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Falmouth care home ordered to improve training standards

Posted: May 14th, 2011 by Eloise comment-icon Comments disabled

The bosses of a care home in Falmouth, Cornwall, have been ordered to improve standards of care and staff training after inspectors found that it was “falling far short of standards people should be able to expect”.

Inspectors from the Care Quality Commission (CQC) visited the King Charles Court nursing home in November 2010 and then again in February 2011. They found a number of problems on the first visit, and not all of these had been rectified by the time a second inspection took place.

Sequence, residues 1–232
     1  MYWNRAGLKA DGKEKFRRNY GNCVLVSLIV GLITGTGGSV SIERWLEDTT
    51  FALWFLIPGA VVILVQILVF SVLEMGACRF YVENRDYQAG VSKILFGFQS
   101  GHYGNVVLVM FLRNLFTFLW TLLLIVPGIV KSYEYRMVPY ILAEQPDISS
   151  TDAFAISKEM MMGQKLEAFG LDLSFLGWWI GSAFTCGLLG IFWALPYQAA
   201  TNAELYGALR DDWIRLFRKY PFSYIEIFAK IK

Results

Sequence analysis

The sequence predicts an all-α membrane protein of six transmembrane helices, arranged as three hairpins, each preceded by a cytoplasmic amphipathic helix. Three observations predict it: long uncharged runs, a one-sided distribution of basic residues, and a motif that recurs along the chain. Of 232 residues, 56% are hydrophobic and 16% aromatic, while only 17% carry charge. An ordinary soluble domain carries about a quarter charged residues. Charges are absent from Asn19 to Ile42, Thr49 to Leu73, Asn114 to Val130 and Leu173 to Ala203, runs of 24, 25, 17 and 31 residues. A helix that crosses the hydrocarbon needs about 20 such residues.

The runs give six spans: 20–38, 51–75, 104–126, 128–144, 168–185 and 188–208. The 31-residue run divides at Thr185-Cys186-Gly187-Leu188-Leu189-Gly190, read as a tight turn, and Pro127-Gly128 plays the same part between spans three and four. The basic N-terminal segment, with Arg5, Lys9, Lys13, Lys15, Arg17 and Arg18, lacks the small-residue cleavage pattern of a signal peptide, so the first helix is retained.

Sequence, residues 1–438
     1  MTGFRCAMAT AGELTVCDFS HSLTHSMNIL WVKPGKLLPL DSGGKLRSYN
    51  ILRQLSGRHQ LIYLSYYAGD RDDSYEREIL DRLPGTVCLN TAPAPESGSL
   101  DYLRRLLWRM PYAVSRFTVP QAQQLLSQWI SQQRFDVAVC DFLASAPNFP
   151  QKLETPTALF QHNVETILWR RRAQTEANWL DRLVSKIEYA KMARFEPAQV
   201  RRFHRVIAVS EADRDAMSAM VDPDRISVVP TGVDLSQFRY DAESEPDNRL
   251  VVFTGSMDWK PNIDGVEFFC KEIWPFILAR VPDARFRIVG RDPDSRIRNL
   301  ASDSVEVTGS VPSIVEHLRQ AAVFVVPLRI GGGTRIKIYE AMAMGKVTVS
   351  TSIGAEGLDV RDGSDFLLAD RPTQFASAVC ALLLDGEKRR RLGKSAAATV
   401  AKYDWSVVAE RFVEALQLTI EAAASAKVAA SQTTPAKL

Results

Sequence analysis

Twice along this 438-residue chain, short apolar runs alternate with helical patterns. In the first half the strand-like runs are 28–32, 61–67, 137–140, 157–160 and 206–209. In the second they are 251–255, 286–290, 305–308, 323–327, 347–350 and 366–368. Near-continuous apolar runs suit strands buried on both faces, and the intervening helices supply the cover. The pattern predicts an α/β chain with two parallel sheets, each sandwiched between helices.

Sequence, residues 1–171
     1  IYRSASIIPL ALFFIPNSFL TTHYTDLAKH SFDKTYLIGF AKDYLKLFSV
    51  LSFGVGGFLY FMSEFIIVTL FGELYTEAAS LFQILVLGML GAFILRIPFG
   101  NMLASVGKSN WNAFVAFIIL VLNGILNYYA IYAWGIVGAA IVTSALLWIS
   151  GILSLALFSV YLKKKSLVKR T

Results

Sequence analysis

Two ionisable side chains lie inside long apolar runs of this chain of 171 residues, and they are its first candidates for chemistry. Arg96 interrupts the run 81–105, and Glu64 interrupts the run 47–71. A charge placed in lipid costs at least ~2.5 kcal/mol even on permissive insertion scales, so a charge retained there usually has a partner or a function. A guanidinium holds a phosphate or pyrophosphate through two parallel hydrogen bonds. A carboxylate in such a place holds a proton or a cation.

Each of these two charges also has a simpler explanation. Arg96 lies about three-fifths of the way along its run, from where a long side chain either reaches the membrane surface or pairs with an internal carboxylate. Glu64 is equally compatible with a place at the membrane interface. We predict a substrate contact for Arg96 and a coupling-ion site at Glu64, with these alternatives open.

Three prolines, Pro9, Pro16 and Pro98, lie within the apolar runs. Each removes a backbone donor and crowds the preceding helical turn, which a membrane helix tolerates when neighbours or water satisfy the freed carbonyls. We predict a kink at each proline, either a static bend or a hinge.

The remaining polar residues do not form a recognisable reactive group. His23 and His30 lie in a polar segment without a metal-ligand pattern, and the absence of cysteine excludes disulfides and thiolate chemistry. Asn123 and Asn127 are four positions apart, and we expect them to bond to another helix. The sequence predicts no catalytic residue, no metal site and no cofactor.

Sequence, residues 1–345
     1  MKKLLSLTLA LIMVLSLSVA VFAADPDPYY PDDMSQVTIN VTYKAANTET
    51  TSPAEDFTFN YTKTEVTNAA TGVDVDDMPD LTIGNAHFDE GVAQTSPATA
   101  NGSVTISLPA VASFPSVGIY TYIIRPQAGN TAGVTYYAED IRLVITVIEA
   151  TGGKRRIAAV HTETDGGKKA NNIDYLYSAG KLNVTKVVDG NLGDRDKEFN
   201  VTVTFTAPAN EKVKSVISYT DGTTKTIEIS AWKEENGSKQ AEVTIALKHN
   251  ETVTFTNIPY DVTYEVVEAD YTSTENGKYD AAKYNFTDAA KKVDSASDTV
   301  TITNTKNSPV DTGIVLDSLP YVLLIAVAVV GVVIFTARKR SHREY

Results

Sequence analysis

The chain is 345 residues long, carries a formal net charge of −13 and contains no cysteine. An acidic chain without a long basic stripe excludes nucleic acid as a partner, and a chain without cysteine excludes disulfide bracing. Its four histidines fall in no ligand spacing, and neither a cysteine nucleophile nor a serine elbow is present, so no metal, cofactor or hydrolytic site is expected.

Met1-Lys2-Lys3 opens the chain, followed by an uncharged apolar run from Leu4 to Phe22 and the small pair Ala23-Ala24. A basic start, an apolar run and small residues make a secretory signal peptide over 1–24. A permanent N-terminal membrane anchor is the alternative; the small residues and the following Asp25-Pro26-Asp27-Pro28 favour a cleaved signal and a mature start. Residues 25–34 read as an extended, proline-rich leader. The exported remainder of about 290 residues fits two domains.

Issues raised at the home included:

• Nutrition
• Staffing levels and care training for staff
• The welfare of residents
• Maintaining the dignity and privacy of residents
• The state of the premises and the safety and suitability of facilities

In response to these issues, Cornwall Council and the Cornwall Primary Care Trust have halted all new admissions to the home until improvements can be made.

Bernadette Hanney, who is the CQC’s acting regional director for the South West, said:

“The law says these are the standards that everyone should be able to expect when they receive care. Providers have a duty to ensure they are compliant – or face the consequences.”

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